Theatre Information

Henley Street Theatre Julius Caesar

By • Apr 9th, 2013 • Category: Reviews, Virginia
Julius Caesar
Henley Street Theatre: (Info) (Web)
Gottwald Playhouse at Richmond CenterStage, Richmond, VA
Through April 20th
2:30 with one intermission
$25/$30 Senior/$20 Student
Reviewed April 6th, 2013

As I have said before, since becoming a reviewer here in Richmond a few months ago, I have been amazed at how much this theater community has to offer. There is literally something for everyone.

Now, I have also said consider myself to have “more common” tastes in theater. I love comedy, and musicals and an occasional modern drama, but I have never been a fan of Shakespeare (yes, I shall fall upon my dagger in shame). However, Henley Street Theatre’s production of Julius Caesar has changed that.

In an “Orson Wellesian” production, the play is moved to an early 20th century totalitarian state. The play then explores the universal themes of walking the line between patriotism and personal ambition; and friendship and loyalty vs. self-interest.

Adrian Grantz (Murellus, Metullus, Messala) starts out both acts speaking the words of Shakespeare (which I must confess is all Greek to me) but in a modern conversational tone. This immediately put me at ease that I might actually be able to follow the action and be entertained.

Indeed, the two principal characters Brutus (Dan Stearns) and Cassius (Jonathan Hardison) maintained this style of performing. The effect was, even when I could not totally comprehend the words; through their inflection, body language and emotion, I was able to follow the plot (plot being the key word).

For those not familiar with the classic story, it is rife with plotting and backstabbing (literally). Julius Caesar (Jay Milliman) is about to ascend to be the country’s leader. While Mark Antony (Jeffrey Schmidt) remains loyal, all the other leaders plot his death.

Margarette Joyner’s modern business-like costumes and Tennessee Dixon’s set (which could double as the cold drab marble halls of Congress) set the scene perfectly. James Ricks’ direction; utilizing multiple exits and entrances and crosses into the house and up into the risers; was more like watching a captivating modern theatrical extravaganza than a 500-year-old play. Andrew Bonniwell’s lighting alternated nicely between dim shadows during the plotting, and bright flashes of light during a thunderstorm and battle. The lighting of Caesar’s ghost is indeed haunting.

Interestingly, it is as Caesar’s ghost that Milliman best portrays Caesar’s commanding, imposing and empirical side. When alive, he seemed more like a warm, charismatic, yet self-doubting U.S Senator running for office. Kyle Butler as his young successor Octavius, is brash, brazen and cocky.

Schmidt’s Antony would indeed make a great modern-day politician. His eulogy for Caesar was a cross between a 21st century political attack ad (I loved the way he increasingly attacked the words “Brutus is an honorable man” to turn it into an insult) and a 1961 Kennedy address (friends, Romans, countrymen; ask not what your country can do for you….)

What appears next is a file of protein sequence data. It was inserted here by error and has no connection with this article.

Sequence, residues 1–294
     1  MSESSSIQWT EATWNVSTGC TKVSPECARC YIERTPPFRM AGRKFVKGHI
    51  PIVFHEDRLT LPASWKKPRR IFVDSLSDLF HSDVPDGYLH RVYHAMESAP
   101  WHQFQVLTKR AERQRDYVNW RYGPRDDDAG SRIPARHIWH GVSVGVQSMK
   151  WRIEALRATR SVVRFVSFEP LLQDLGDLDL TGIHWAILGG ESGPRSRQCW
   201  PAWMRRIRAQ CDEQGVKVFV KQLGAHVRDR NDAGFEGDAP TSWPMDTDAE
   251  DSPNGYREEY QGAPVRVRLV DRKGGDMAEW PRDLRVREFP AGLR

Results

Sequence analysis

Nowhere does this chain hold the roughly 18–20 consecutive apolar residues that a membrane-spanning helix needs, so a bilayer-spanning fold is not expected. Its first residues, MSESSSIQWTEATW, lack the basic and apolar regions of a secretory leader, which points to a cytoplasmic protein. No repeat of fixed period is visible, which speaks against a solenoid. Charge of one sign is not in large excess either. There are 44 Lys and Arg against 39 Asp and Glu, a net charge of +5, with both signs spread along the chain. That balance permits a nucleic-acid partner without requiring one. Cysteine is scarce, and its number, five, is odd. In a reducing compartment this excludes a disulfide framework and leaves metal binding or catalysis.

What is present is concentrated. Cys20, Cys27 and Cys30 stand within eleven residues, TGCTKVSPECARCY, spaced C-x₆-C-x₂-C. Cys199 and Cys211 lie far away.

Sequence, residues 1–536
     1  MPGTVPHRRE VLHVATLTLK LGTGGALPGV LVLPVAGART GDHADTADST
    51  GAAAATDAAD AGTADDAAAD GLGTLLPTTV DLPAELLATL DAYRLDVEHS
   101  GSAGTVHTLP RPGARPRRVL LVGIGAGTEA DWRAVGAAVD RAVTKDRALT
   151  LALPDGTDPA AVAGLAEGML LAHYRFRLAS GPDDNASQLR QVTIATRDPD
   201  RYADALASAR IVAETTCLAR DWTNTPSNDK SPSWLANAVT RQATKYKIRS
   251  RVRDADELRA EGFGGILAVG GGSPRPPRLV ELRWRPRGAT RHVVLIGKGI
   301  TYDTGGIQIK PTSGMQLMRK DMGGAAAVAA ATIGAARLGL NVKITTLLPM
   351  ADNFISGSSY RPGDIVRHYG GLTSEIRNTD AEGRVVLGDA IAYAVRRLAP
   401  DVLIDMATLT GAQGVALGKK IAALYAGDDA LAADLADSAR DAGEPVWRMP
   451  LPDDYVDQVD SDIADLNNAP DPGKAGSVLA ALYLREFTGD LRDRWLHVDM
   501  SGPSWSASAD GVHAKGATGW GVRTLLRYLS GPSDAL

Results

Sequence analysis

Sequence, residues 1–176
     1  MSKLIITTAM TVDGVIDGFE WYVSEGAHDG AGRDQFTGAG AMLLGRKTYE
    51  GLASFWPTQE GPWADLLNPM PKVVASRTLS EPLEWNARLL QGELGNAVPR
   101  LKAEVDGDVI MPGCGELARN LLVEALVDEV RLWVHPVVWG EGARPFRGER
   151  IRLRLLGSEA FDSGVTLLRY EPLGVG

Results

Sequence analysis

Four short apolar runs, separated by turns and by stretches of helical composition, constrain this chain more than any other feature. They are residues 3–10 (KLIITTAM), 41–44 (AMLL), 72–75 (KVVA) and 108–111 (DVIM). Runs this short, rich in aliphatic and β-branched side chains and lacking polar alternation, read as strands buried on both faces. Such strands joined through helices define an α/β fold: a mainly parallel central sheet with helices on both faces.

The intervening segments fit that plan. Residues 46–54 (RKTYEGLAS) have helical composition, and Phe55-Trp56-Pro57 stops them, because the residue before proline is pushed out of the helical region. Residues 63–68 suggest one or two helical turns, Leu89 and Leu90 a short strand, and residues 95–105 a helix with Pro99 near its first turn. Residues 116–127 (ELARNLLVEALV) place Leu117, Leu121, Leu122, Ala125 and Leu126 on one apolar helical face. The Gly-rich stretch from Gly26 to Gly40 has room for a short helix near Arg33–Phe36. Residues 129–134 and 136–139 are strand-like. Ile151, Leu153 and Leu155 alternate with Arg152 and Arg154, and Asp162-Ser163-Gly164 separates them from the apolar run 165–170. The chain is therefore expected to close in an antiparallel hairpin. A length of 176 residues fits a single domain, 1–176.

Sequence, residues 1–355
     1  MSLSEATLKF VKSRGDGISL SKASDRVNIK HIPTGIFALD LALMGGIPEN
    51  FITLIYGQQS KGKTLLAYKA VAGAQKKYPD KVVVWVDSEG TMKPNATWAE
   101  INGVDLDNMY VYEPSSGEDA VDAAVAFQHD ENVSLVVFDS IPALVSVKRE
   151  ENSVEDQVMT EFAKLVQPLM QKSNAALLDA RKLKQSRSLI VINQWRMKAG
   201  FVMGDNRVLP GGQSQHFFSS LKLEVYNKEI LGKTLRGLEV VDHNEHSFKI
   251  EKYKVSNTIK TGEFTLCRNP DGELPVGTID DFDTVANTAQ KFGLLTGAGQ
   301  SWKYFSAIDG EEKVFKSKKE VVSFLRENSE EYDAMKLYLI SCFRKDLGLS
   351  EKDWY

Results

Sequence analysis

Katrinah Carol Lewis was extremely strong and powerful as Brutus’ wife Portia. She gave emotion and modern depth to a small supporting role as the loving woman behind the man. It was also extremely nice to see four young student acting interns in supporting roles (David Adams, Eric Evans, Ben Fox and Diego Salinas). Each did well with the various characters they were given; but Fox stood out in a beautiful, soft and touching rendition of a lullaby to Brutus, accompanying himself on the lute (a la Zac Efron in the 2008 movie “Me and Orson Welles”).

There was an occasional actor who started to sound a bit like a truly overacted Shakespearean than the rest of the cast’s modern tone; and the sounds of a cheering crowd started and stopped rather abruptly, like the laugh track on a sitcom; but otherwise it was truly an impeccable presentation. Whether you are a Shakespeare fan, or a novice, you will enjoy Henley Street’s modern take on this classic.

Photo Gallery

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Photos provided by Henley Street Theatre

The Cast

  • Julius Caesar: Jay Milliman
  • Brutus: Dan Stearns
  • Cassius: Jonathan Hardison
  • Antony: Jeffrey Schmidt
  • Portia: Katrinah Carol Lewis
  • Calpurnia: Melissa Johnston Price
  • Casca: Andrew C. Boothby
  • Octavius/Soothsayer: Kyle Butler
  • Decius: Michael J. Perez
  • Murellus/Metullus/Messala: Adrian Grantz
  • Flavius/Cinna/Titinius: Frank Creasy
  • Student Acting Interns/Ensemble: David Adams, Eric Evans, Ben Fox and Diego Salinas

The Crew

  • Director/Sound Design/Fight Choreography: James Ricks
  • Assistant Director: Christine Hillgrove
  • Stage/Production Manager: Tiffany Shifflett
  • Scenic Designer: Tennessee Dixon
  • Lighting Design: Andrew Bonniwell
  • Costume Design: Margarette Joyner
  • Choral Director: Valerie Accetta
  • Studio Choral Director: Stan Baker
  • Latin Translator: Jeremy Gershman:

Disclaimer: Henley Street Theatre provided two complimentary media tickets to ShowBizRadio for this review.

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